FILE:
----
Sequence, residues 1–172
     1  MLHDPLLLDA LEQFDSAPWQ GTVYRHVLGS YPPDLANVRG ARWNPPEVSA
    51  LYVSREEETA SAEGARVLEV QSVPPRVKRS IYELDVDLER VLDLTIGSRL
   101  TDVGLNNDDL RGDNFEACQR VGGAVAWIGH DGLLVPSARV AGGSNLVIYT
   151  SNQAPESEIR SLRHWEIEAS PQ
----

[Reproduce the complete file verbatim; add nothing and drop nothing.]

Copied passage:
Sequence, residues 1–172
     1  MLHDPLLLDA LEQFDSAPWQ GTVYRHVLGS YPPDLANVRG ARWNPPEVSA
    51  LYVSREEETA SAEGARVLEV QSVPPRVKRS IYELDVDLER VLDLTIGSRL
   101  TDVGLNNDDL RGDNFEACQR VGGAVAWIGH DGLLVPSARV AGGSNLVIYT
   151  SNQAPESEIR SLRHWEIEAS PQ